Dedmoroz, I guess it depends on the school and the teacher. That's interesting that you were still taught this way, too. As an English teacher, I know our provincial curriculum allowed it, but I think a lot of the old-school teachers followed the old way.

      I'm so glad to hear you are enjoying yourself with your writing here at Hubpages. I think it's that enjoyment and passion that keeps us going. Thanks for stopping by, and for the great comment! Take care.

    • Deborah Brooks profile image

      Deborah Brooks Langford 6 years ago from Brownsville,TX

      this is great information.. I voted up and awesome.. this really helps me ..thank you...just write and enjoy it.. that is great advice..I book marked this too... thanks for doing all this research and writing it..

    • profile image

      Dedmoroz 6 years ago

      "One of the first things I remember learning about essays, in school, was that "I" was not allowed." - unfortunately still happened when I was in school. (whoops used I in that sentnece...)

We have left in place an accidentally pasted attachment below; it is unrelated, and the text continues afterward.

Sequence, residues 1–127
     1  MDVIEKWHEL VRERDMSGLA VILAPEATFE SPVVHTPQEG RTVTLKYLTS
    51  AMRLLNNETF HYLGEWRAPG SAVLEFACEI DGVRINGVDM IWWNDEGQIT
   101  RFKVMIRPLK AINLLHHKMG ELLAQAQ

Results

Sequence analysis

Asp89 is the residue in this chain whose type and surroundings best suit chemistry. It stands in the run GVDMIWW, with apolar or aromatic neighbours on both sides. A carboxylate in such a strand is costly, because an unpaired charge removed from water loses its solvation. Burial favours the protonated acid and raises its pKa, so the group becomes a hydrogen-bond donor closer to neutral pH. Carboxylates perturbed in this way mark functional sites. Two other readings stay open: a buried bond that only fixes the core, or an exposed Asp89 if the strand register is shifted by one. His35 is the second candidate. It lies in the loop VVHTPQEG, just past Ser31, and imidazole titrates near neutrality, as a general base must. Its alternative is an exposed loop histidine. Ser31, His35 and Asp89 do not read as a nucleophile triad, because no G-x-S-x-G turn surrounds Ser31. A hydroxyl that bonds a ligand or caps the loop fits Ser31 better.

"Don't worry about whether or not you will make money on it, or if you can market it properly. Just write, and enjoy it." - exactly what I'm doing here on hubpages ;)

      Great stuff Prairie, you make a very good personal touch to your hubs, I look forward to reading more of your work.

    • prairieprincess profile image

      Sharilee Swaity 6 years ago from Canada

      RT, thank you for reading and such a quick comment! I think is one of the beauties of hubpages: that it offers so many different writing exemplars that we can learn from, and appreciate. Great comment!

    • RTalloni profile image

      RTalloni 6 years ago from the short journey

      Excellent-voted up.

      Your point that HP has room for both personal and straightforward, fact-based writing is important to note. Great job of rounding out this topic!